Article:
Skip to 0 minutes and 8 secondsSUSAN WORRALL: On the 22nd of July, 2015, the University of Birmingham made an announcement that captured the world's imagination. A Quranic manuscript held at the University's Cadbery Research Library had been radiocarbon dated to the early seventh century making it one of the earliest examples of the Islamic holy book in existence. The news quickly spread around the globe generating unprecedented media coverage and sparking huge interest amongst the public, both Muslims and non-Muslims. The message was clear, by holding a fragment of the Qur'an for which parchment had been radiocarbon dated to a period correlating closely with the lifetime of the prophet Mohammed, the University of Birmingham held within its collections a manuscript of global significance.
Skip to 0 minutes and 57 secondsAt a time when so much of the world's cultural heritage is being deliberately destroyed or threatened, this announcement captured hearts and imaginations worldwide. This journey will tell the full story of the Birmingham Qur'an manuscript from its possible origins in the Islamic heartlands more than 1,400 years ago to its current place as part of Mingana Collection in Middle Eastern manuscripts in the Cadbury Research Library at the University of Birmingham. It's a remarkable journey. What can a 1,400 year old Quranic fragment teach us today? What stories can it share with us? How do we care for such a sacred manuscript. How can we use scientific techniques to reveal its secrets.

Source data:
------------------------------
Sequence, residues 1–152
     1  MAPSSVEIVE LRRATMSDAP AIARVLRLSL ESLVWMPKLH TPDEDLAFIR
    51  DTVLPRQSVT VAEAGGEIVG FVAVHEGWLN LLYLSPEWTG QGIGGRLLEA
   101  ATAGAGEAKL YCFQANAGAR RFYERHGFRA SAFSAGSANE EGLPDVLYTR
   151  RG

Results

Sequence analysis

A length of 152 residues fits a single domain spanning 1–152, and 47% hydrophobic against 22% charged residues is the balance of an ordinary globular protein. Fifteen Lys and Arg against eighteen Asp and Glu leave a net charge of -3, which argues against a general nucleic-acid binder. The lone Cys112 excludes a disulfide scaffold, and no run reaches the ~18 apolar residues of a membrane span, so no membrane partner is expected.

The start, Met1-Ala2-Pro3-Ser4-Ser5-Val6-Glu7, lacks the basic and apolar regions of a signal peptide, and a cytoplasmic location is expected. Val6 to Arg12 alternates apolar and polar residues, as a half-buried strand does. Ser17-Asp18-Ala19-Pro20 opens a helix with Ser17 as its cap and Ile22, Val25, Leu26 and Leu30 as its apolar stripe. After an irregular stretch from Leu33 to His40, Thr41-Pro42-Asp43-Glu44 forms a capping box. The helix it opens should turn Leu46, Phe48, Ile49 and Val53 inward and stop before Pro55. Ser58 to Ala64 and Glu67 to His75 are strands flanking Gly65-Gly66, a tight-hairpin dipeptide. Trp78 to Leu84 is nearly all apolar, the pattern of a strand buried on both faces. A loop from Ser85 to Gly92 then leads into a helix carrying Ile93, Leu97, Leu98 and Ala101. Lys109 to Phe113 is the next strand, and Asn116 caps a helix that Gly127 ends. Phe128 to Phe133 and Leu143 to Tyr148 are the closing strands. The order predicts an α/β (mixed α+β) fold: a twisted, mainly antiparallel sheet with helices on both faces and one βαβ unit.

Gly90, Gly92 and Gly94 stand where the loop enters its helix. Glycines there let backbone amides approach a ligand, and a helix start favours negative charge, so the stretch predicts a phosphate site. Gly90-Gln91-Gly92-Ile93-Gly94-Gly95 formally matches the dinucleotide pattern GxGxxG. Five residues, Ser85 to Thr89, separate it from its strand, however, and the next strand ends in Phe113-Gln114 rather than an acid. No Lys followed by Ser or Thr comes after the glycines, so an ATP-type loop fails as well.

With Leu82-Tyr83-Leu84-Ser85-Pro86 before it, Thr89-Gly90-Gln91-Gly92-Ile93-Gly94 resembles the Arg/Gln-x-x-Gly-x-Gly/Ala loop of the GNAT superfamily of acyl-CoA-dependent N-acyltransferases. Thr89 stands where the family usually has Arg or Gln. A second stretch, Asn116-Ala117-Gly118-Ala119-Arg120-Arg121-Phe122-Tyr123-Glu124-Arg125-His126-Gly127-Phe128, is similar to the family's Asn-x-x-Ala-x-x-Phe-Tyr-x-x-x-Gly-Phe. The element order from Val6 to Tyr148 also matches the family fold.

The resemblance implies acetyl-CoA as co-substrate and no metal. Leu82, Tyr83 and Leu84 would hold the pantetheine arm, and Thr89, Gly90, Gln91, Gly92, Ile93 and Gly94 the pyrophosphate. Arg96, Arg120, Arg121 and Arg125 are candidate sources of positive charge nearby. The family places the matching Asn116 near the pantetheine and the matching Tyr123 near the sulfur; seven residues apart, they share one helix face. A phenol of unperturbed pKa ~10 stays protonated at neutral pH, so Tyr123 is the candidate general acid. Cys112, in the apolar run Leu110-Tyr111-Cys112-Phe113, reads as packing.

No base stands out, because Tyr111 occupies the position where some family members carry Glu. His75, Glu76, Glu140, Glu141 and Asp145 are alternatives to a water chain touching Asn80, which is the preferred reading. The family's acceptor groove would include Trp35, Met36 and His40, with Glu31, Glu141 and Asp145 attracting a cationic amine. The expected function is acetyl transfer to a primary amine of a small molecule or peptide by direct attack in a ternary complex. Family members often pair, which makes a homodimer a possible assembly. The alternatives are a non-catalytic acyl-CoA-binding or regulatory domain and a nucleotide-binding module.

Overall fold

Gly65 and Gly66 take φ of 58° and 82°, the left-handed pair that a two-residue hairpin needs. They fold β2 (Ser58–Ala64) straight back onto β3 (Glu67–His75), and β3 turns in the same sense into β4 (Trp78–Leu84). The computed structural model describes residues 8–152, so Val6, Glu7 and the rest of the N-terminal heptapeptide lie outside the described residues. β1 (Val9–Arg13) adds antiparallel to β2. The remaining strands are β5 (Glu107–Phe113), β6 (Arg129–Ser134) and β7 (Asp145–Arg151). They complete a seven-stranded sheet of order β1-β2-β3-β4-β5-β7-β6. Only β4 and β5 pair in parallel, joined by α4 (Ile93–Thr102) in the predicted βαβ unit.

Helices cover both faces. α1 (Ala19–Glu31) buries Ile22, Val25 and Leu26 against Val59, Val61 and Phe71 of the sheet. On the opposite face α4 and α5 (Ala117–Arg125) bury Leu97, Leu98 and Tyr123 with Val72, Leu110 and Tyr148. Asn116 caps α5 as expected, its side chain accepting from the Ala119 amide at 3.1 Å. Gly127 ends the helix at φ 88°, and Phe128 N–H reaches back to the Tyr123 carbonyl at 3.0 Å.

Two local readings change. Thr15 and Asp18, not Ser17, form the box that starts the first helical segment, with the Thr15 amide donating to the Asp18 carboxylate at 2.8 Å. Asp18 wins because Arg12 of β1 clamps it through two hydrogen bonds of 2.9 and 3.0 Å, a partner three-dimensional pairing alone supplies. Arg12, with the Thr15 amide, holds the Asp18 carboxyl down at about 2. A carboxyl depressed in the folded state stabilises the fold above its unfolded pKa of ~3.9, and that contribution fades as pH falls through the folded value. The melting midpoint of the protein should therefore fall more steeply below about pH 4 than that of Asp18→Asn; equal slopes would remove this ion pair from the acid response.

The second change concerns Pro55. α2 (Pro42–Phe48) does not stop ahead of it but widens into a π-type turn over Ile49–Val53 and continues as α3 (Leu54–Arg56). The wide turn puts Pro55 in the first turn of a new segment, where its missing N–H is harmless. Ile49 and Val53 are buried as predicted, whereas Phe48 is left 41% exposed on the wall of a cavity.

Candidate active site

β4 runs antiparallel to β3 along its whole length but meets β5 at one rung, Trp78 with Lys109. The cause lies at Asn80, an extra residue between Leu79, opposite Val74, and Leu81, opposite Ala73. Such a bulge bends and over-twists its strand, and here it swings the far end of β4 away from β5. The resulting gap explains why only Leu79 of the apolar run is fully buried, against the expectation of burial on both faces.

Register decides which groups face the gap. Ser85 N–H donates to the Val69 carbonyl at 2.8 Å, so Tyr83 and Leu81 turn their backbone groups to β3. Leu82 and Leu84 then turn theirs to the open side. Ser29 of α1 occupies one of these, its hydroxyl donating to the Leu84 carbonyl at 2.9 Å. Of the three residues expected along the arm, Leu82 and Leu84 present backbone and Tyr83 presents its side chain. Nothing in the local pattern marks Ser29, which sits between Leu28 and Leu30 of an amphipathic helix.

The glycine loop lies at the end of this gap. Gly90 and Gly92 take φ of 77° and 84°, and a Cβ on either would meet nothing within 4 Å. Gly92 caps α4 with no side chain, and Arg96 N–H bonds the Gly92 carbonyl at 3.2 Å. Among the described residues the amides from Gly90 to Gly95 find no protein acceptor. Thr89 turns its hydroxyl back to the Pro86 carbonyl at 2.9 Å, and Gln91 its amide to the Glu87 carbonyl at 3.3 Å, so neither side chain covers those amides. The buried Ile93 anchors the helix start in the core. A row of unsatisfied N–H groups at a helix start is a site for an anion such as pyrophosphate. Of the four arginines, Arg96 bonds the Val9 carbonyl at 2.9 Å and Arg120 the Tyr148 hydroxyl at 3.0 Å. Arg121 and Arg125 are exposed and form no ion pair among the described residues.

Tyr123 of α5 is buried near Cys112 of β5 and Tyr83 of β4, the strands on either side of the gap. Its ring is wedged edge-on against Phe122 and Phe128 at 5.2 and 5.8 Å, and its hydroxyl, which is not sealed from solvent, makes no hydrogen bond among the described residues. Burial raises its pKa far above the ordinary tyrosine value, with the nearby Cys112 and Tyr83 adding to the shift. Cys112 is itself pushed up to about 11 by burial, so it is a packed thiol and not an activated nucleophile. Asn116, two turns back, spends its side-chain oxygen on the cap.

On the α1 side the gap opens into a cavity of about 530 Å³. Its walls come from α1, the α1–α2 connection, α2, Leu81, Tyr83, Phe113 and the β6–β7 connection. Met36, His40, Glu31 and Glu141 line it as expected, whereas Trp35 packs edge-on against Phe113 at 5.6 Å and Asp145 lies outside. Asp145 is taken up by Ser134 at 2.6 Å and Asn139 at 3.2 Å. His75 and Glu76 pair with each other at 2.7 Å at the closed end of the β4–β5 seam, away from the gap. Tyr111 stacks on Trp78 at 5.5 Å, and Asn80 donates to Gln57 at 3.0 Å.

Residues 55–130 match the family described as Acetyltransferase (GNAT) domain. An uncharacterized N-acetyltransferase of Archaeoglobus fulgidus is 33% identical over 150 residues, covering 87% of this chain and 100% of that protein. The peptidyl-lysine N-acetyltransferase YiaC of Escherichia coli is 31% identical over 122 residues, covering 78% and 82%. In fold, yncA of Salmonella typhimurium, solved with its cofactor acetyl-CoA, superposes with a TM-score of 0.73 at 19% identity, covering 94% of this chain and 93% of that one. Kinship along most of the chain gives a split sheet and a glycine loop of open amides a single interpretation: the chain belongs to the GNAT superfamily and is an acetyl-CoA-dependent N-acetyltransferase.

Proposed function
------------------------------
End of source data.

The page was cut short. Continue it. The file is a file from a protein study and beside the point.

Skip to 1 minute and 42 secondsAnd how can we assure that it and the rest of our collections are cared for and are still relevant and appropriate to people and communities today? We'll explore developments in calligraphy and the arts of the Qur'an. We'll look at these questions and many more together as we investigate the Birmingham Qur'an.